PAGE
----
I want you to do this quick exercise that I often do with clients during change management workshops.
Grab a pen. Sign your name. Now, put the pen in your other (least dominant) hand and sign your name again. How did that go? For most people the second signature will be messy. Phrases I usually hear in workshops or meetings are "I am hopeless" or "I can't do it".
You know how to sign your name so what happened? The issue is that you have the knowledge but, with your least dominant hand, you may not yet have the ability to sign your name.
What would happen if you continued to practice signing your name with that hand? Yes, you would get better. Your ability to perform the task will improve. This is the same for any skill and it is certainly the case for change management. Often I see organisations recruit a newly qualified change management practitioner or they appoint a staff member to a change management role and get them to do a "course". Then they leave that person to it.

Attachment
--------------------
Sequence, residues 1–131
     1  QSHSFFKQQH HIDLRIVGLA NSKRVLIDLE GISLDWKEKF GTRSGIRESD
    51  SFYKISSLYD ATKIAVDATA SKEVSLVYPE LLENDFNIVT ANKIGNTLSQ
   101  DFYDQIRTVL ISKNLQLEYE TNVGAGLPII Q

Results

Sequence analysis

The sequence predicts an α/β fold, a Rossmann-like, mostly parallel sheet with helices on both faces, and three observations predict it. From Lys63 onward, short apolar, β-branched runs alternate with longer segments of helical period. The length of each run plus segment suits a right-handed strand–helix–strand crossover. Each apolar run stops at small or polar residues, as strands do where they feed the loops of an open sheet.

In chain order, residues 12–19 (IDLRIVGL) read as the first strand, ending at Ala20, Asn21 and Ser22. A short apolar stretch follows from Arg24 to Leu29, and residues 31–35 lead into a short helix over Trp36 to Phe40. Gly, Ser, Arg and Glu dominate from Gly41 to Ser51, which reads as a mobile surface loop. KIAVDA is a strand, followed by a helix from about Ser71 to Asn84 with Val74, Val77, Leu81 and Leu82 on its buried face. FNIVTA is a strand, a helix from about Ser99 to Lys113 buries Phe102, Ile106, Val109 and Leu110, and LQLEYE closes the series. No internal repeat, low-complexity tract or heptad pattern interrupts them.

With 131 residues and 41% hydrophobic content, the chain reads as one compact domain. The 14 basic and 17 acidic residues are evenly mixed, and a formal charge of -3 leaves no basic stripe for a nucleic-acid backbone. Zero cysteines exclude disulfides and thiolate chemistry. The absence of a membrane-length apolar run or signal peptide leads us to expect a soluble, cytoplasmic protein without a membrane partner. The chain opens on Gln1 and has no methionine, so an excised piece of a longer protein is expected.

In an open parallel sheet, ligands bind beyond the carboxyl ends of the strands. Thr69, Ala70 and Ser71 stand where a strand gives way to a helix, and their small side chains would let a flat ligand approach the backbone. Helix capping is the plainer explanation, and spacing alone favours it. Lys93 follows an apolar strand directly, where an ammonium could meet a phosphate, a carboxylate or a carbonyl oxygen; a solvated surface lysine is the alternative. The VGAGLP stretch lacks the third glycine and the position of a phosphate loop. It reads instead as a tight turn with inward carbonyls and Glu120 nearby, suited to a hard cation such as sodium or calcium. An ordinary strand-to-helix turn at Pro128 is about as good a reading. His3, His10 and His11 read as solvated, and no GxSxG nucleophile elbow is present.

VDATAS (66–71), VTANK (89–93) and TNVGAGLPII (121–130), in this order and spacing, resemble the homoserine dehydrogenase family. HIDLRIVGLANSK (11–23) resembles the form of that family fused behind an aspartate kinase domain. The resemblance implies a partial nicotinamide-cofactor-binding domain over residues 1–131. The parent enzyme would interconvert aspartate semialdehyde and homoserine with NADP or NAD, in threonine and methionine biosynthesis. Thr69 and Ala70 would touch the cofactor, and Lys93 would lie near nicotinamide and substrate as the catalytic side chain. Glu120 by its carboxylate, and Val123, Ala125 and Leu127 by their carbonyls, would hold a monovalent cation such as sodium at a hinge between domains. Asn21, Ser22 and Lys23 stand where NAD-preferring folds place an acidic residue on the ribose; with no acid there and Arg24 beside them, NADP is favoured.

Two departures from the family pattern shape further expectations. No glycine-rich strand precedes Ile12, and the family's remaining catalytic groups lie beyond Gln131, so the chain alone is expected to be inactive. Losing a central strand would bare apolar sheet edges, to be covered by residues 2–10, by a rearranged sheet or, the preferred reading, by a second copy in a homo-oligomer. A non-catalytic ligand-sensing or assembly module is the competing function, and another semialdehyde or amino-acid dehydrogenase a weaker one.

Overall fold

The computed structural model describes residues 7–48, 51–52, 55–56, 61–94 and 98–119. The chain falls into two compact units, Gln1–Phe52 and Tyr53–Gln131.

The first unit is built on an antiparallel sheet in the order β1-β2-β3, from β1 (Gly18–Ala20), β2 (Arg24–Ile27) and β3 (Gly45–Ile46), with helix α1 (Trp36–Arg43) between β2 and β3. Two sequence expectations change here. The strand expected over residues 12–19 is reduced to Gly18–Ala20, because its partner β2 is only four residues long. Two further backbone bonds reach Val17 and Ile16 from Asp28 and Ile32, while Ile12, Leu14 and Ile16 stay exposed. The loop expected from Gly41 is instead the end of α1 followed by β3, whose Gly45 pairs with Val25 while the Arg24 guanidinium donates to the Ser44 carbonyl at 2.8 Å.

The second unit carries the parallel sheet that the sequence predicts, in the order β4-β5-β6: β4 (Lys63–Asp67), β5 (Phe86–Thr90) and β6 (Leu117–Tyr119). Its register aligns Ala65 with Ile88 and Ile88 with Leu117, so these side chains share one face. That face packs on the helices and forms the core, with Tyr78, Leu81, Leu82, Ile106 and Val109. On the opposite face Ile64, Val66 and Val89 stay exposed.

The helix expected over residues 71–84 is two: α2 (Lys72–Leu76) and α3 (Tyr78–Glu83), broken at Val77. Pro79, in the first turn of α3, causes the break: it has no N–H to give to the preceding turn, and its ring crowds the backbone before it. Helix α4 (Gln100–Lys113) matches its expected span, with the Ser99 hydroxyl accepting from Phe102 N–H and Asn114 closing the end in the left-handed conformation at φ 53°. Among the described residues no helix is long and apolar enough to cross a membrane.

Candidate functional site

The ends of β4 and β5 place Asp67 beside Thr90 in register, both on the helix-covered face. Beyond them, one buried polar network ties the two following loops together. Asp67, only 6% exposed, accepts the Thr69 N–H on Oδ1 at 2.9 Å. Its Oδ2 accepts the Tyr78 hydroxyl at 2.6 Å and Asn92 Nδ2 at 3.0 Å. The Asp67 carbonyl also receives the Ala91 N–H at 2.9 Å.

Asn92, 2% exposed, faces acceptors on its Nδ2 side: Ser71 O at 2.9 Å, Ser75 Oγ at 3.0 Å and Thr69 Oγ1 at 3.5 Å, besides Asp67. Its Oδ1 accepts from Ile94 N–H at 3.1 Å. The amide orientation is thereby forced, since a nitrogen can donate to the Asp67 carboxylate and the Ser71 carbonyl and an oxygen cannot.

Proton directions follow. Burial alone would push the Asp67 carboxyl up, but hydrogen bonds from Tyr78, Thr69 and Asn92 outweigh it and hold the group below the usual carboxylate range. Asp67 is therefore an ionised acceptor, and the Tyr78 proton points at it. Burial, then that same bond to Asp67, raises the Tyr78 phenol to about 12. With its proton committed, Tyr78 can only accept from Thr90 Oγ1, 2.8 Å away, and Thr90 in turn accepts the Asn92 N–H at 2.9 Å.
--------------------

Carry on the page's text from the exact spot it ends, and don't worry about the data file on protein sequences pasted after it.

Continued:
Change management capability takes time to develop for your change manager and the organisation. Ongoing mentoring and support can be a very effective and efficient way to build capability.
But there is also a practical way to test and build change management capability. For change managers and organisations, particularly those starting out, it is useful to see implementing change management as a change management project itself.
A framework or commitment to change management often isn't enough. You need a process and tools to build change capability. That includes developing a strategy and plans for communication, resistance management, training, coaching and sponsorship. Ideally you want to do this before, or at least at the same time as, you look at other change management projects. This is a much more sustainable and effective approach.
I always tailor any change management strategy to the organisation in question but key elements include:
An initial workshop is often beneficial to kick off a strategy. This helps to raise awareness of change management and its benefits, fosters buy in and identifies roadblocks to implementation of change management
The additional benefit of "managing change management" is that you create strategy and plan templates as well as a methodology and approach for future change management projects.
Lenore Miller is a Hunter-based change management practitioner and an employee engagement and capability expert. lenoremiller.com
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